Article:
JIS News

Story Highlights

  • The spirit of volunteerism was alive and well at the Farm Heights/Rose Heights Community Centre in St. James on Labour Day (May 23), where scores of persons participated in the main parish project.
  • From as early as 8:30 .a.m., volunteers, including a contingent from the Jamaica Public Service Company (JPS) descended on the community centre, armed with their paint brushes and other basic tools, where they began working.
  • “We are here today to give this place a facelift… to make it as comfortable as possible for our children and also the adults,” said Member of Parliament for Central St. James, Heroy Clarke.

The spirit of volunteerism was alive and well at the Farm Heights/Rose Heights Community Centre in St. James on Labour Day (May 23), where scores of persons participated in the main parish project.

From as early as 8:30 .a.m., volunteers, including a contingent from the Jamaica Public Service Company (JPS) descended on the community centre, armed with their paint brushes and other basic tools, where they began working.

“We are here today to give this place a facelift… to make it as comfortable as possible for our children and also the adults,” said Member of Parliament for Central St. James, Heroy Clarke.

He noted that the facility, which includes a basketball court and a homework centre, provides an area “where kids can play and find something productive to do with their time”.

He said that the JPS, along with the Jamaica Civil Aviation Authority and the National Solid Waste Management Authority (NSWMA) must be commended for continuously undertaking improvements at the facility and for ensuring “that this remains a model” for other community centres throughout the parish.

Mr. Clarke told JIS News that there are plans to “build out an area where our award-winning marching band can practice”.

Volunteers at work at the Farm Heights/Rose Heights Community Centre in St. James as part of the parish’s Labour Day activities on May 23.

 

“We have over 70 members, who come here religiously to practise and who have been a mainstay for both communities. We also want to develop other components such as a steel band and also a stage band. We want to always keep our youngsters occupied so they can stay out of trouble,” he noted.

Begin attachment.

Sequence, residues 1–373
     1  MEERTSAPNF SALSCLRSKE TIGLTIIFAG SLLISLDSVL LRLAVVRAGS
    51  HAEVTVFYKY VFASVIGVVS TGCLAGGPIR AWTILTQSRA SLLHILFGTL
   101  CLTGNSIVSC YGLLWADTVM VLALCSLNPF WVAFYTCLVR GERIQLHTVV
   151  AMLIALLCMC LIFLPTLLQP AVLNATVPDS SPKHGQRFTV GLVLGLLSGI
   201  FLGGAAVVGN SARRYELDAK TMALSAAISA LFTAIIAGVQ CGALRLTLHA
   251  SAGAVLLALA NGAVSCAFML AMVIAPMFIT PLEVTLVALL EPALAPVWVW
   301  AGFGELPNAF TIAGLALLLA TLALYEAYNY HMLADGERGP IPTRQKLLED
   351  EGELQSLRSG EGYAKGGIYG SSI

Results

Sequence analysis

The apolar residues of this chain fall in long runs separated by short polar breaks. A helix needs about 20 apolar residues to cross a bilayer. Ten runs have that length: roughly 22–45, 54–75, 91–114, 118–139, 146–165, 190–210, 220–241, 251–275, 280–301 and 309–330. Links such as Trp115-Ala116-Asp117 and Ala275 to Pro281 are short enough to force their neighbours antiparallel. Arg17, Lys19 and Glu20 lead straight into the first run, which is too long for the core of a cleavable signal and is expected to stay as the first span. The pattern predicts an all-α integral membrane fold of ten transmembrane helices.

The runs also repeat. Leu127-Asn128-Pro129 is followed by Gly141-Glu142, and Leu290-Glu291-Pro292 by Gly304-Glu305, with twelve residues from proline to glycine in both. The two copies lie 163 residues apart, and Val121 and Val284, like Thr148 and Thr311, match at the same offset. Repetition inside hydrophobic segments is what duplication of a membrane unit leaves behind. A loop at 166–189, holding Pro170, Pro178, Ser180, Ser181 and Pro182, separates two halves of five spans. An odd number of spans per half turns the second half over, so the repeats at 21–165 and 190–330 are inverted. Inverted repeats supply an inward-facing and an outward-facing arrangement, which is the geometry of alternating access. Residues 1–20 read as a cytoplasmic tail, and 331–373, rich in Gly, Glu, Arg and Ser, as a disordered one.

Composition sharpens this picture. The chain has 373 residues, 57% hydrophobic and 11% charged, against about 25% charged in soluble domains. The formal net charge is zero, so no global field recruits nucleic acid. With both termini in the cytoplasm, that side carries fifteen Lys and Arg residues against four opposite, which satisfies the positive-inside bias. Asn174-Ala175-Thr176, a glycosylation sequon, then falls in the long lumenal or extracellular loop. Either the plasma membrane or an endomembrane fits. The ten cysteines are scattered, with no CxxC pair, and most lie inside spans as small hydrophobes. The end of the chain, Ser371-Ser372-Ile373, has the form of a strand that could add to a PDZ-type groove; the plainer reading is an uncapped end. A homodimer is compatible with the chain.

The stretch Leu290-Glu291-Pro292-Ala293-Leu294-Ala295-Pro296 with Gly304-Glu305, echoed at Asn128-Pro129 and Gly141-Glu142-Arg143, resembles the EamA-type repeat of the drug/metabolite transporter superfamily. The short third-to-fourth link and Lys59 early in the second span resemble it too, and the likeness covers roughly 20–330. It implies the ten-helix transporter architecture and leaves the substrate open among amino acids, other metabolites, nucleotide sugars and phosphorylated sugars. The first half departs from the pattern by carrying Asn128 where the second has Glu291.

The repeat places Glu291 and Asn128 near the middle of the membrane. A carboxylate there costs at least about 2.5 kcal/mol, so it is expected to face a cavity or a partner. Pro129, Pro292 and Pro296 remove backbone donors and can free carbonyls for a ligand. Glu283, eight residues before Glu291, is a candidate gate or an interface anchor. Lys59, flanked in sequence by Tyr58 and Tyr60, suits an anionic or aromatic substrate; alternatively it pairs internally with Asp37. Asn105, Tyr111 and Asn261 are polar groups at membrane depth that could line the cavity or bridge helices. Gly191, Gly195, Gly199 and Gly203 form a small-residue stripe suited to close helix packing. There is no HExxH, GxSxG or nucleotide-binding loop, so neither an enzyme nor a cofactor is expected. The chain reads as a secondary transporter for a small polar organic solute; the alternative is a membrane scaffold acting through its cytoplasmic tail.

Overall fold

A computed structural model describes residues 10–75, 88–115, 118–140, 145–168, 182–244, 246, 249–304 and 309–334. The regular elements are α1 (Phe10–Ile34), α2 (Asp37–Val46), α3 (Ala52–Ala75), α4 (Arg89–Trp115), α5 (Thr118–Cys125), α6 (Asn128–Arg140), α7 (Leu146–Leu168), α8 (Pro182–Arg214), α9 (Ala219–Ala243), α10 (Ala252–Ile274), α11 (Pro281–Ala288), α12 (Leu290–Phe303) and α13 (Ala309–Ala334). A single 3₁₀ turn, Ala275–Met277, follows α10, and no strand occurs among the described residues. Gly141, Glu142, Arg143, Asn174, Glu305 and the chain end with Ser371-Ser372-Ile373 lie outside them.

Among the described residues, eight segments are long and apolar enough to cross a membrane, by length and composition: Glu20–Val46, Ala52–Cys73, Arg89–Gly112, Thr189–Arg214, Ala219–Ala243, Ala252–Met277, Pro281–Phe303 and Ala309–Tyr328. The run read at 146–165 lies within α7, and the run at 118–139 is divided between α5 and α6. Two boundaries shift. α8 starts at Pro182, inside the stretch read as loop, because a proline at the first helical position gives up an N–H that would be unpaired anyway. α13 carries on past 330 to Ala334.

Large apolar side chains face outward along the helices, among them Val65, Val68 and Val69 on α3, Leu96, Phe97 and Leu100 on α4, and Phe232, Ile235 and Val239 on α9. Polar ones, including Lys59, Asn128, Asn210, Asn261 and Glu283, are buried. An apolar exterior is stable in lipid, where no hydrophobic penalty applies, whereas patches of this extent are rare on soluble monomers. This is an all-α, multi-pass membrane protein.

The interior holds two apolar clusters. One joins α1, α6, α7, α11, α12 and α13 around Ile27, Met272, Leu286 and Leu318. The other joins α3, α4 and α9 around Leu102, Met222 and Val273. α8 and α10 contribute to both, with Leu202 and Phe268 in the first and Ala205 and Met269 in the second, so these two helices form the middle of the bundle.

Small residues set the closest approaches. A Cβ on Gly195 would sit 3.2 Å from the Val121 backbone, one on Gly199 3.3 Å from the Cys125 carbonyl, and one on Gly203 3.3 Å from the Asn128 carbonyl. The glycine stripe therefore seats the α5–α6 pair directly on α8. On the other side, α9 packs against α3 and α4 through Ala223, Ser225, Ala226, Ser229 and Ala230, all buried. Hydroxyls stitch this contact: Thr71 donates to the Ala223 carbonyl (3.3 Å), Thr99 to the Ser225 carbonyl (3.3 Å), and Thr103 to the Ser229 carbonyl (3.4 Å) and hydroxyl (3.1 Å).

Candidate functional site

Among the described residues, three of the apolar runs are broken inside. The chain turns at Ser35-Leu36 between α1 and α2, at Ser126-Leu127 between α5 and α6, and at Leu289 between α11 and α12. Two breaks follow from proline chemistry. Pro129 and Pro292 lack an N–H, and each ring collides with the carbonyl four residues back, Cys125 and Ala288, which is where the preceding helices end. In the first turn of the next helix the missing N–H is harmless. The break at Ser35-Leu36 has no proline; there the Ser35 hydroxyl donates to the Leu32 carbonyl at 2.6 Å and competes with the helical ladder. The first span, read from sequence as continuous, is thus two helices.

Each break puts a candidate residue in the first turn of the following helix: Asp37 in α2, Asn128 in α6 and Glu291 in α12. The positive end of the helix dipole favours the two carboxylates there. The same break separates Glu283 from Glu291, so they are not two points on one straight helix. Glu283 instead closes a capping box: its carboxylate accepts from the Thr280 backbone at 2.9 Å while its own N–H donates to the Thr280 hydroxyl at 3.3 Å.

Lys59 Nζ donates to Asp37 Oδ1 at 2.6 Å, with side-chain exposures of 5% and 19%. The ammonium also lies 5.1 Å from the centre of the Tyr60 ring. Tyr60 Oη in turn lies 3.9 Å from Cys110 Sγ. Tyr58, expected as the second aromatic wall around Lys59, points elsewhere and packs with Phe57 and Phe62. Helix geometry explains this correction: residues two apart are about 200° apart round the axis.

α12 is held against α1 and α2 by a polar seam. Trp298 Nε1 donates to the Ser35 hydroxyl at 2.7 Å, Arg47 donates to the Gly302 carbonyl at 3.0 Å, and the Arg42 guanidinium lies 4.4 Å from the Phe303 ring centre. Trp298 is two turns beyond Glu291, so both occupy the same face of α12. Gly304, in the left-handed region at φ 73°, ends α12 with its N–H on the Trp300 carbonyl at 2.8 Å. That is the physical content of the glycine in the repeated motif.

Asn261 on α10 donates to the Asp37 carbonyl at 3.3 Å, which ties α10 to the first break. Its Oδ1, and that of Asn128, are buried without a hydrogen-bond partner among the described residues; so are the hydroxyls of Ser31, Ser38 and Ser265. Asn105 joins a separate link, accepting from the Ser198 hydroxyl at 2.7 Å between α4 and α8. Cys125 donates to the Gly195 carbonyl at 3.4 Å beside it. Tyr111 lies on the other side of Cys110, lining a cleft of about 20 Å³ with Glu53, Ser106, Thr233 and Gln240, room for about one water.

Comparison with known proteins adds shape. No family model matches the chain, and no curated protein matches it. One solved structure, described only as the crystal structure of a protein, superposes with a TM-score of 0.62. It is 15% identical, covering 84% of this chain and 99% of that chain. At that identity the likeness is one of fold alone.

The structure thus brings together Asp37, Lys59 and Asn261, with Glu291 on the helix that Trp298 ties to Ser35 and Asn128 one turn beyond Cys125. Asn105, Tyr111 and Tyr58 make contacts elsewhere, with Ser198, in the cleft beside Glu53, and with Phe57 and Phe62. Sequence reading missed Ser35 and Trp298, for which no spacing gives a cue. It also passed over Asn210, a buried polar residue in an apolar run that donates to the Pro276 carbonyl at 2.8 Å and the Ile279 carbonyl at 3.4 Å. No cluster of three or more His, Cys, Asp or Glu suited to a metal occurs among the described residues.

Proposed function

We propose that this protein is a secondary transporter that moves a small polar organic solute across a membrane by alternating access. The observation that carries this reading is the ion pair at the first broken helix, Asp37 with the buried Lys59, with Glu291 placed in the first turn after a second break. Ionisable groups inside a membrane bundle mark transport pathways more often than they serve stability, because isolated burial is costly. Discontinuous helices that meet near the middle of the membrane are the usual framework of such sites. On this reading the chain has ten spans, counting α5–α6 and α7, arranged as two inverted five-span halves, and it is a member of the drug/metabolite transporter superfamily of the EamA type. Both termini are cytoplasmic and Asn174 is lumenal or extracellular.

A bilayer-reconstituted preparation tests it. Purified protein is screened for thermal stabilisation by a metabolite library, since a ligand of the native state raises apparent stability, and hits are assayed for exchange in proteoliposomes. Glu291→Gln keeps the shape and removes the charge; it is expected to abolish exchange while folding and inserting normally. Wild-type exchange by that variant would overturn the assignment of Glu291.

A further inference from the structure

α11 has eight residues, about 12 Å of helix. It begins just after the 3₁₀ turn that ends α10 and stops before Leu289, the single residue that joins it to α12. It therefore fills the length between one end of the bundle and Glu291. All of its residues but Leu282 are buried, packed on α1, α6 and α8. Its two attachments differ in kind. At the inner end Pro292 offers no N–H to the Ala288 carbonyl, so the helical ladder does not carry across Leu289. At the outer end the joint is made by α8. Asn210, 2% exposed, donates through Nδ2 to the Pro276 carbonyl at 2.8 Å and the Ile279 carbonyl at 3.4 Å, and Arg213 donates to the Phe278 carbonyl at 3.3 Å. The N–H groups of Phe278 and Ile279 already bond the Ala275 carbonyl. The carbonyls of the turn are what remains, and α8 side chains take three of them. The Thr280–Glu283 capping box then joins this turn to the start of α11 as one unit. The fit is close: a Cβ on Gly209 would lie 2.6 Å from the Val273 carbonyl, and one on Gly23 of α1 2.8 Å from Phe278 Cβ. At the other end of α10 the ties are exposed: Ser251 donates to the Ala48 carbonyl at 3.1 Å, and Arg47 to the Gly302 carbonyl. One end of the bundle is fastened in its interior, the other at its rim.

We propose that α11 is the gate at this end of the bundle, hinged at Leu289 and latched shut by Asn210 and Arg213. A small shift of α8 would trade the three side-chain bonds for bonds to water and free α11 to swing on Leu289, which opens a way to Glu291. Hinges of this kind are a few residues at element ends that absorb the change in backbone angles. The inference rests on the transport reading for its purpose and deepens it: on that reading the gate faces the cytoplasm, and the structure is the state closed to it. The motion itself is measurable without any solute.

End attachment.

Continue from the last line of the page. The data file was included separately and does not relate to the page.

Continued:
JPS Regional Director, Leroy Reid, said his company has been associated with the homework centre at the facility since 2012 “where we pumped in some $2.5 million to get it up and running”.

“Today, we are [here] putting in some new computers as well as to spruce it up a bit,” he noted.

The facility, Mr. Reid said, is equipped with Internet service and provides a quiet place for students to complete assignments, do homework and research, and also access printing and photocopy services.

“This is more than a Labour Day project for us. This is really one of our pet projects, and we are taking this opportunity here today to do some more work. We are very much a part of the Farm Heights and Rose Heights communities and will continue to do our part in promoting education,” Mr. Reid told JIS News.

Leon McKenzie, a resident of Farm Heights, expressed pleasure at the large turnout of volunteers, noting that the residents are appreciative.

“We know the importance of having this community centre here… [and] its usefulness and its role in brokering peace and keeping our young people out of trouble. This is one of the main reasons why you see so many people out here working,” he said.